The panel discussion at the Inter-Pacific Bar Association Annual Conference in Seoul, Korea last week focused on the impact of legal market liberalization on specific legal jurisdictions in the Asian legal market. Lawyers practising in India, Singapore, Malaysia, Hong Kong, and Korea made presentations highlighting the unique circumstances and new competitive pressures in their respective markets.
Lawyers in the midst of these changes which are bringing new competitive pressures upon regional domestic markets highlighted the unique circumstances their respective markets face. The Lawyers practicing in India, Singapore, Malaysia, Hong Kong, and Korea made presentations on each of those markets.
Charandeep Kaur, a partner in the Delhi Office of Trilegal represented India. Christopher Leong, Managing Partner of Chooi & Company addressed Malaysia. Francis Xavier or Rajah & Tann addressed Singapore’s recent market liberalization. While Peter Brien of Slaughter & May outlined the current situation in Hong Kong. Finally, Hee-Chul Kang, a founding partner of Yulchon and Yong Guk Lee. A partner with Cleary Gottlieb Stein & Hamilton, both addressed the current situation in Korea. The panel was moderated by Mark Stinson, a partner with Canada’s Fasken Martineau DuMoulin.
From a toe-in-the-water to the insanely competitive
While each market is unique (India in particular has not yet technically liberalized its market). The overall consensus was that liberalization – broadly speaking — opens domestic markets up to foreign competition and poses a threat to incumbent practices. The impact in each market, however, varies. From “insanely competitive” as Peter Brien described the Hong Kong market on one side — to currently minimally open India (allowing “fly-in fly-out” consultations with India-based clients by foreign lawyers, as Charandeep Kaur outlined). Singapore and Malaysia would I believe represent middle-ground liberalized markets moving toward increased liberalization.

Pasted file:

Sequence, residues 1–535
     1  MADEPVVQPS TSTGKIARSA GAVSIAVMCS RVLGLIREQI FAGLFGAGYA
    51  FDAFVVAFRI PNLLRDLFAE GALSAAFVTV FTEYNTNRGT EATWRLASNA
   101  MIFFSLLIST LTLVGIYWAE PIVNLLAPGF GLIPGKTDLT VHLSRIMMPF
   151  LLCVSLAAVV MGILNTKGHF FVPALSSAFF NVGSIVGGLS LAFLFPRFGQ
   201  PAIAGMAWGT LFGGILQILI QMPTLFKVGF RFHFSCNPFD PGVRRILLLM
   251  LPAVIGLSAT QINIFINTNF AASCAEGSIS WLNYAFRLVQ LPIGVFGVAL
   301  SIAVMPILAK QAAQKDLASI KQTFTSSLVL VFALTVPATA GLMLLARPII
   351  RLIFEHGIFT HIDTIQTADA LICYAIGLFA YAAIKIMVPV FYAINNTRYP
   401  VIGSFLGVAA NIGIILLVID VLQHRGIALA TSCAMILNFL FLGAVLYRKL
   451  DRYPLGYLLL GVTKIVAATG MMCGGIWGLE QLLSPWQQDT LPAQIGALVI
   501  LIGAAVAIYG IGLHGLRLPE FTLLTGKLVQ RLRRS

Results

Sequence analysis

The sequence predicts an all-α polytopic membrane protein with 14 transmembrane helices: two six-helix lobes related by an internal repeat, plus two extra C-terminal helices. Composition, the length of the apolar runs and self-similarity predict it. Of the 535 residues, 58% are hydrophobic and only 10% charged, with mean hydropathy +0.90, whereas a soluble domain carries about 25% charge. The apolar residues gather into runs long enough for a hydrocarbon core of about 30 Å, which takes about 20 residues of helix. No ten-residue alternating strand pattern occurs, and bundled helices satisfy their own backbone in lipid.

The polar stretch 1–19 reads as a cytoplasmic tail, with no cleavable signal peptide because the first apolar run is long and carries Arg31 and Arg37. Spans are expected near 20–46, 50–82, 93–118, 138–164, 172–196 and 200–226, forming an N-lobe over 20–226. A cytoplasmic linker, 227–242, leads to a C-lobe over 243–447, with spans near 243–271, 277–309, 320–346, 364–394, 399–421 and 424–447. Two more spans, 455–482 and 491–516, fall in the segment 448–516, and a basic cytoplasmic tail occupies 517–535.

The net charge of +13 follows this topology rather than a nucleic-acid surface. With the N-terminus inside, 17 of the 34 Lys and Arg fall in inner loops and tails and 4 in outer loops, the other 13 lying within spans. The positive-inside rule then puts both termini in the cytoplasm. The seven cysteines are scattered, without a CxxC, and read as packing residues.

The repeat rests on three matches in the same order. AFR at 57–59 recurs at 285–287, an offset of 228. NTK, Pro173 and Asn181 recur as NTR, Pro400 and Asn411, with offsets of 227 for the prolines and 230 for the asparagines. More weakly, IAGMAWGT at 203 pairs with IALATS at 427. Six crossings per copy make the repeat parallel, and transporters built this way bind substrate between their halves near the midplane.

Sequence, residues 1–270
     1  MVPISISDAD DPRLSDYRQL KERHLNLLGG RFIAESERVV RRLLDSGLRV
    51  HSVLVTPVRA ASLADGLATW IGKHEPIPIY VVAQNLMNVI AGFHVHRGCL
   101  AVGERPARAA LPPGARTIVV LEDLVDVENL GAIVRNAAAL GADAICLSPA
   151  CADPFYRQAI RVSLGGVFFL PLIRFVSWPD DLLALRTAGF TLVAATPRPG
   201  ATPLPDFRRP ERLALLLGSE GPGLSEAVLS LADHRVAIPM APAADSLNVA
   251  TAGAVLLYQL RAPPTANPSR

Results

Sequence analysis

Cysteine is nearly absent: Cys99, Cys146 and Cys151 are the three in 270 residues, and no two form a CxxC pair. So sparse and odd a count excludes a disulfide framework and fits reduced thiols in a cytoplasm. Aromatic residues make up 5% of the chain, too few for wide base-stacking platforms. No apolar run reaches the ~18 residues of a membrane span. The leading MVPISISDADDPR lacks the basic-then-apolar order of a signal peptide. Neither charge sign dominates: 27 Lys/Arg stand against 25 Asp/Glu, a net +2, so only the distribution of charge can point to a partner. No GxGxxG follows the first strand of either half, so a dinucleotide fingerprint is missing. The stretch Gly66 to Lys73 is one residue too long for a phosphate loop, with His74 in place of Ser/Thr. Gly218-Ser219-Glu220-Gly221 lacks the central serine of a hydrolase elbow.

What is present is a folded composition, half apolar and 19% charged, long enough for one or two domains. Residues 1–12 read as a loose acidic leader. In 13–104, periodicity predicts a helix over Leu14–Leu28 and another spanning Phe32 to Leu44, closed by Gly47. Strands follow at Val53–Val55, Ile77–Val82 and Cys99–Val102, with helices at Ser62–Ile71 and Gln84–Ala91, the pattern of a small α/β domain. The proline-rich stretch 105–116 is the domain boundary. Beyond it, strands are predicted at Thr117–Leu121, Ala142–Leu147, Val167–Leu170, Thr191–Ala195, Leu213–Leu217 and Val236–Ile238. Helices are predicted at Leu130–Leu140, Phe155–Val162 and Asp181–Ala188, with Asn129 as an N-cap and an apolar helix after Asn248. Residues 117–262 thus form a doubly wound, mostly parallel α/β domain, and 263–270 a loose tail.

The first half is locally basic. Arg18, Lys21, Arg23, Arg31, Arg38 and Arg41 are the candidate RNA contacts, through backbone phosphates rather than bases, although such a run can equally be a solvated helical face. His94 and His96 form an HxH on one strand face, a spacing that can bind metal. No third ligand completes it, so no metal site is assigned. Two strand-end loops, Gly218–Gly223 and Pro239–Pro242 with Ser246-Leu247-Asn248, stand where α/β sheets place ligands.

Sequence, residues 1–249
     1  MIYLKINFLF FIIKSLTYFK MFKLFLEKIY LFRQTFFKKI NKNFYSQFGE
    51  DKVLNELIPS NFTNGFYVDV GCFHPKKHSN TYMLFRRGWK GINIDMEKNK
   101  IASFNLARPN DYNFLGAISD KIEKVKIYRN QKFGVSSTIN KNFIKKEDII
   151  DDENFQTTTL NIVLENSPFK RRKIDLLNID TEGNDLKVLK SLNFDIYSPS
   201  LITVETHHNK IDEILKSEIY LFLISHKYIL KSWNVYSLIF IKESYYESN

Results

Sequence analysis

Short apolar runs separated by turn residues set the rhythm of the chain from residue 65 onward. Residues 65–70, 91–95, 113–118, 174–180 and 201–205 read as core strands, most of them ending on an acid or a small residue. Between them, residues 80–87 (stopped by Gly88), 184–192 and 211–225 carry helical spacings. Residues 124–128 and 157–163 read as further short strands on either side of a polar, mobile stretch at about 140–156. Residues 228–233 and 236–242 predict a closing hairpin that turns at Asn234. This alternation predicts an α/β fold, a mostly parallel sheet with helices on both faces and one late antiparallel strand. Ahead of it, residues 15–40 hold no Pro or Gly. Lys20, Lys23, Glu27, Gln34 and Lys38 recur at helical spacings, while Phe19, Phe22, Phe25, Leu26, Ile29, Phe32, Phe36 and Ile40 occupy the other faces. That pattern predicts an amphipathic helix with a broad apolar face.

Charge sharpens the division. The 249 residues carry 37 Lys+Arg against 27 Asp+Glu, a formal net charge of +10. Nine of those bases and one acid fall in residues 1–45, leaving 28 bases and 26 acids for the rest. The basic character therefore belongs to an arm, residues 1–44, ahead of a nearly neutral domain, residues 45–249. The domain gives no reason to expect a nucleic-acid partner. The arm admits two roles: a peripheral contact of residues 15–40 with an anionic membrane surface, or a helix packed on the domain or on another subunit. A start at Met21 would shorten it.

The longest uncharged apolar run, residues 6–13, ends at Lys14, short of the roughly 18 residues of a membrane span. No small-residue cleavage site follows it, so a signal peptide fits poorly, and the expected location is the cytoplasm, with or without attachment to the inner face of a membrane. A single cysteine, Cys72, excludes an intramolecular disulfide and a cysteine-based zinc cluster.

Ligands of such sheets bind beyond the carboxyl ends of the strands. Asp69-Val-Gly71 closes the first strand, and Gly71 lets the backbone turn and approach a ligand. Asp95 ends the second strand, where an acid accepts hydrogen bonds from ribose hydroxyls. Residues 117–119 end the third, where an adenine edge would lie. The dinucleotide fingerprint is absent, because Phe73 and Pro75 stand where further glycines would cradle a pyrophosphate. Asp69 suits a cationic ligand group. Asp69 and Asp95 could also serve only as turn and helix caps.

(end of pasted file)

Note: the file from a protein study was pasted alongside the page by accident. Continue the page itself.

Korea appears potentially hyper-competitive
Korea is a market arguably on the brink of a hyper-competitive new age. Hee-Chul Kang described the Korean market as moving toward a situation where “no area of practice. Even domestic law will be ring-fenced” as against foreign competition. He also described his surprise that so many foreign firms had already entered or plan to enter the market (25 to date).
Increased competition appears inevitable
Irrespective of where each domestic market is along the path of liberalization. It appears clear that competition for market share will increase at various levels in each market over time. And as was also outlined at the conference – Asia’s legal market will double in size by 2017 – becoming the world’s second-largest legal market in the world behind the United States.
Given the increase in growth of the market coupled with the increasing ease by which foreign competitors will enter liberalized. Asian legal markets. domestic firms will need to make choices as to how aggressively. They will compete in the future for business against these new market entrants.